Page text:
Archive for November, 2009

Our new Orchard

I’m really keen to have as many permanent plantings as possible – I don’t want to be dependant on my year-in, year-out digging skills – so we’re putting in a nice compact orchard. This should give us most of our fruit once it gets going, and then I just have to worry about the veg.

After much deliberation, we’ve finally ordered the trees, and they’ll be here in early December – plenty of time for us to dig their new beds. We’ve ordered them from the excellent Agroforestry Research Trust and here’s what we’re getting:

Apple Trees

These are £14.30 each, and are all on M26 rootstock except for the Sanspareil, which is on the smaller M27. The Semi-Dwarfing M26 should produce trees 2.5-3.5m high, and the Dwarfing M27 only 1.5-2m.

The descriptions from Agroforestry are excellent, so I’ve reproduced them below so that I don’t forget! I tried to get a mix of good-keeping eating & cooking apples plus apples for cider and juice.

  • Ashmeads Kernel: Dessert apple. Pick October, use Dec-Feb+. Flower group D. Fruit medium-sized, greenish-yellow with some russet. Flesh aromatic, excellent flavour. Tree moderately vigorous. Also used for cider & juice.
  • Braeburn: Dessert apple. Pick Oct, use Oct-Feb. Flower group D. Good crisp flavour – new clone suitable for planting in the UK. Good crops of medium size red fruits.
  • Dabinett: Cider apple. Very reliable, producing a high quality juice.
  • Golden Harvey: Dessert apple. Pick October, use Dec-Mar. Flower group D. Fruit round, golden; flesh aromatic with an intense rich flavour. Tree vigorous, good cropper. Good cider & juice apple.
  • Howgate Wonder: Cooking apple. Pick October, use Nov-March. Flower group C. Large fruits, good for juice & cider. Vigorous tree, heavy cropping.
  • Keswick Codlin: Cooking apple. Pick & use Aug-Sept. Flower group B. Medium sized greenish-yellow fruit, cooks to a good puree. Tree has ornamental flowers. Part self fertile.
  • Sanspareil: Dual purpose apple. Pick October, use Nov-April. Flower group C. Large fruit flushed & streaked scarlet. Flesh juicy, crisp, aromatic, good balanced fruity flavour. Also used cooked. Heavy cropper with ornamental flowers.
  • Saturn: Dual purpose apple. Pick & use Sept-Oct. Flower group C. Large fruit with crisp juicy flesh of good refreshing flavour. Good for juice. Tree heavy cropping,

Pear Trees

Also £14.30 each, the Concorde on Quince A (4.5m high) rootstock, and the Williams Bon Chretien on Quince C (4m high).

  • Concorde: Dessert pear. Pick October, use Oct-Jan. Flower group E. Fruit medium-large, pale green turning yellow. Flesh pale yellow, sweet and juicy. Very heavy cropping, compact grower. Quince A rootstock produces trees about 15 ft (4.5m) high.
  • Williams Bon Chretien: Dessert pear. Pick & use Aug-Sept. Flower group D. Fruit medium-large, pale green turning golden yellow. Flesh very juicy and sweet. Self-fertile.

Plums & Gages

Again, £14.30 each, all on Pixy rootstock, which’ll limit them to 3.5-4m.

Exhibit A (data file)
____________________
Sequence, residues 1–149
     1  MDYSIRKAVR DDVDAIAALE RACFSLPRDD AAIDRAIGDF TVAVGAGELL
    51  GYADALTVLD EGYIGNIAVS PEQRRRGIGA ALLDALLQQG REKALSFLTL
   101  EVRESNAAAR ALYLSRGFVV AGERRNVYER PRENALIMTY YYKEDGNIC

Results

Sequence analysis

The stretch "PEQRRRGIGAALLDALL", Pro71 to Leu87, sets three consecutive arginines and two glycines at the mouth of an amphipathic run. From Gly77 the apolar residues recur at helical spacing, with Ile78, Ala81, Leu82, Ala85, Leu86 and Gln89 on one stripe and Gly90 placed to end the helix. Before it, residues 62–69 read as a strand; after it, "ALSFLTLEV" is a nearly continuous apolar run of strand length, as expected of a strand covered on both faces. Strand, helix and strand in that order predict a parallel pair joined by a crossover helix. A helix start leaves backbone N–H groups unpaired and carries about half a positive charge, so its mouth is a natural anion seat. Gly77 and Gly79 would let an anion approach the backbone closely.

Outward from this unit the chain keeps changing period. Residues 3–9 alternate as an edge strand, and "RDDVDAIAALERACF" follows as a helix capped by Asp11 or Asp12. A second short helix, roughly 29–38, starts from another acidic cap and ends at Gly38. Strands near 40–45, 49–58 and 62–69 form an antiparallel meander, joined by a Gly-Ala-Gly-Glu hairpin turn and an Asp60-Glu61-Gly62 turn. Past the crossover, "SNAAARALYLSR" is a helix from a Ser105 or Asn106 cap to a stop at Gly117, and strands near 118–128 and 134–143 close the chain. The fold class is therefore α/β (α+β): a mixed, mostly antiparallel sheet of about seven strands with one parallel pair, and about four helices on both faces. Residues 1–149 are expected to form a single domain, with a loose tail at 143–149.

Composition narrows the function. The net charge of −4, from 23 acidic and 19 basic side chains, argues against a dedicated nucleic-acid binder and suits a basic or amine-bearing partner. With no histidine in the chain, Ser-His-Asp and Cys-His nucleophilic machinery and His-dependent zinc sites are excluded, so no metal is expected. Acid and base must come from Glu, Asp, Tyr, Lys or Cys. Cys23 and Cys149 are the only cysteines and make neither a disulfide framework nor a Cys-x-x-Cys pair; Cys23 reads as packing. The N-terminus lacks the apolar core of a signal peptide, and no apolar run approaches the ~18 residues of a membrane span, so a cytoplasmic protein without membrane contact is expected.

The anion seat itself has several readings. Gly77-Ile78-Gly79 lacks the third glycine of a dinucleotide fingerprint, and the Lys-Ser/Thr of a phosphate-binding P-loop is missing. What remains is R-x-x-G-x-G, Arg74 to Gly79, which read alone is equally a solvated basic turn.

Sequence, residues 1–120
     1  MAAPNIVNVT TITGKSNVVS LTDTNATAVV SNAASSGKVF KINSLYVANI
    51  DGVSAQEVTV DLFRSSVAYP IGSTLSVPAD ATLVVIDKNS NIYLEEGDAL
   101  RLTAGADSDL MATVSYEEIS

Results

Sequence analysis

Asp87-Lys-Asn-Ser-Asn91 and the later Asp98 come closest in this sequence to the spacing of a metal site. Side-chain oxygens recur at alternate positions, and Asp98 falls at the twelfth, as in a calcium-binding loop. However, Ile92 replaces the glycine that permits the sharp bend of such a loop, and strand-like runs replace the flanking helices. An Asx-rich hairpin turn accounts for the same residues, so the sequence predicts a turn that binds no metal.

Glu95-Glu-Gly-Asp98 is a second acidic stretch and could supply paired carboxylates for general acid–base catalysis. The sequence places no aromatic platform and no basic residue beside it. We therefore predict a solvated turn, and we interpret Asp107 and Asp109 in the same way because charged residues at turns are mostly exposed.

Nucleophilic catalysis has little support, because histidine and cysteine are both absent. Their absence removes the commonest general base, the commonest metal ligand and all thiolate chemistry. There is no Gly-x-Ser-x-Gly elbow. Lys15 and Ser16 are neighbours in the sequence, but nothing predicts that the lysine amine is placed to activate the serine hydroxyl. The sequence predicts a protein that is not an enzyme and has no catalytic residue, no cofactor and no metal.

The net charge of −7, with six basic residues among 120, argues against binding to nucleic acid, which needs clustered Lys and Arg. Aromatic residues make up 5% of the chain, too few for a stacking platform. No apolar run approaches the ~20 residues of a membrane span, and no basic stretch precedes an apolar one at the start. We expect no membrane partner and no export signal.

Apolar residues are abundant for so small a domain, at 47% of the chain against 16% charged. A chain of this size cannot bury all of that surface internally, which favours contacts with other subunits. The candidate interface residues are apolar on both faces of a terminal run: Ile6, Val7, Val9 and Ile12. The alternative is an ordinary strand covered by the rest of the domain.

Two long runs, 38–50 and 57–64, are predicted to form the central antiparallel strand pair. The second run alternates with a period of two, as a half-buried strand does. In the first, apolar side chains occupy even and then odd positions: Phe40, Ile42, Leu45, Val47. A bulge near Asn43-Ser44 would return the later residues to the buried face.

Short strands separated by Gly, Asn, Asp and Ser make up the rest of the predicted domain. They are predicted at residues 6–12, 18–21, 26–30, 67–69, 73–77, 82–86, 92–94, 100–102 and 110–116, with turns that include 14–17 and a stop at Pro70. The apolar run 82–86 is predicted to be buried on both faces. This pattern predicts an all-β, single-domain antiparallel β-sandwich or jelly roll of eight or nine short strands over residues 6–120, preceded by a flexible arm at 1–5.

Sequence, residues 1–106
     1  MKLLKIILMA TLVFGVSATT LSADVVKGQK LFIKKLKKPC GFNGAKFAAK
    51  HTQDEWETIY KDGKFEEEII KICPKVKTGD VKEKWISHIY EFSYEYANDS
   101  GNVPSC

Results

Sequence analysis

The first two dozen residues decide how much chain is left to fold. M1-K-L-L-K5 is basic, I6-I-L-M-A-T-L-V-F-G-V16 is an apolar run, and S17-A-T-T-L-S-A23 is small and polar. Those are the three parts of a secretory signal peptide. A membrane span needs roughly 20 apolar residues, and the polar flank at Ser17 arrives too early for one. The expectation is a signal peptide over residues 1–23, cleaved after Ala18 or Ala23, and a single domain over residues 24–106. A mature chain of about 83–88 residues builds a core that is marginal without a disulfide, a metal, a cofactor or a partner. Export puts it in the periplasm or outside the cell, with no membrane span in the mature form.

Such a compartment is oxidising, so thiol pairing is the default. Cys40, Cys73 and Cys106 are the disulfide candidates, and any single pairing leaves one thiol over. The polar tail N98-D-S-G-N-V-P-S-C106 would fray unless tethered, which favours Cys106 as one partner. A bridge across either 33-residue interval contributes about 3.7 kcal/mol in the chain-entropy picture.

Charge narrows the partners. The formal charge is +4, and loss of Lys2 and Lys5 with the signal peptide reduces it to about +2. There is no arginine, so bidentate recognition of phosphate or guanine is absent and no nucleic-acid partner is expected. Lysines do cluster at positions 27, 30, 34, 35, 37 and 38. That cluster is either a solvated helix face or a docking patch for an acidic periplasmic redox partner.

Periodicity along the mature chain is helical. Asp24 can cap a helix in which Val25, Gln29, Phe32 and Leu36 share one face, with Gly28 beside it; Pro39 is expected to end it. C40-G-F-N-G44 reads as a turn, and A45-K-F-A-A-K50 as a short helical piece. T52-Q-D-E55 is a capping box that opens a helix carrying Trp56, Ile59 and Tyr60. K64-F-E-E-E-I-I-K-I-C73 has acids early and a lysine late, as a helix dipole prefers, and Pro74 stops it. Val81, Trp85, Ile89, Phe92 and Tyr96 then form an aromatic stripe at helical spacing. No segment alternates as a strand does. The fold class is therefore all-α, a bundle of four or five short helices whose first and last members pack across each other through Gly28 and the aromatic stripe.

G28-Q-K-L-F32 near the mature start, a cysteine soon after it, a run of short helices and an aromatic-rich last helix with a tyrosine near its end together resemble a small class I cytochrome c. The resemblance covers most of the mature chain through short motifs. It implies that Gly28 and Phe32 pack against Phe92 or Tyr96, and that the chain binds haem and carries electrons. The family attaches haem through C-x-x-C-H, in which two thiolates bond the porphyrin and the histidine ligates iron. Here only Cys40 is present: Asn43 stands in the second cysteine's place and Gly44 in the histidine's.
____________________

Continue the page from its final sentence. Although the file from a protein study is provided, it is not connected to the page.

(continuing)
• Marjorie’s Seedling: September-October. Flower group E (psf). Fruit large, flesh firm, juicy, quite sweet, good flavour, hangs well on tree, good cooked. Tree vigorous, upright, heavy cropping.
  • Victoria: August-September. Flower group C (sf). Large fruit of good flavour fresh or cooked. Tree very heavy cropping, hardy, vigorous, a good pollinator.
  • Oullins Golden Gage: August. Flower group D (psf). Yellow fruit, flesh firm, sweet, good flavour, also good cooked. Tree large, vigorous, upright, fair cropper, good pollinator.

Peach

Grown on St Julian A rootstock, it’ll get to 3.5-4m high, and cost – £14.30!

  • Redwing:  Fruits very dark red, superb flavour, late flowering, bears good crops. This variety has some resistance to peach leaf curl. The late flowering means it’s more suitable to our northerly climate!

Raspberry

Not strictly for the orchard, but we’ll be planting them at the same time. They are sold at £12.65 for a pack of 10. We’ve tried to go for a good range of fruiting times so that we have the longest possible season – I love raspberries!

  • Autumn Bliss: Ripens mid-August onwards. Heavy crops of large red fruits. Canes medium high – easy to support.
  • Allgold: Autumn fruiting. Recent variety with yellow fruits – less likely to be eaten by the birds!
  • Glen Moy: Early season. Canes erect, spineless. Bears good crops of easily picked large fruits of good flavour.
  • Tulameen: Mid and late season. Fruits very large, good quality. Canes with few spines.

So that gives you a flavour of what we’ll be planting in early December – at the moment the places they’ll be planted are full of grass or ornamental shrubs. If anyone want a free mature shrub, come down and bring a spade!

    Redwing / St Julian

    Fruits very dark red, superb flavour, late flowering, bears good crops. This variety has some resistance to peach leaf curl.

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    First frost in Manchester

    This morning we awoke to the first frost of the season, which probably means it’s our first frost for about six years. I just thought it was worth recording the date so we can use it to plan next year’s planting and harvesting.

    For the record, the forecast was 2°C !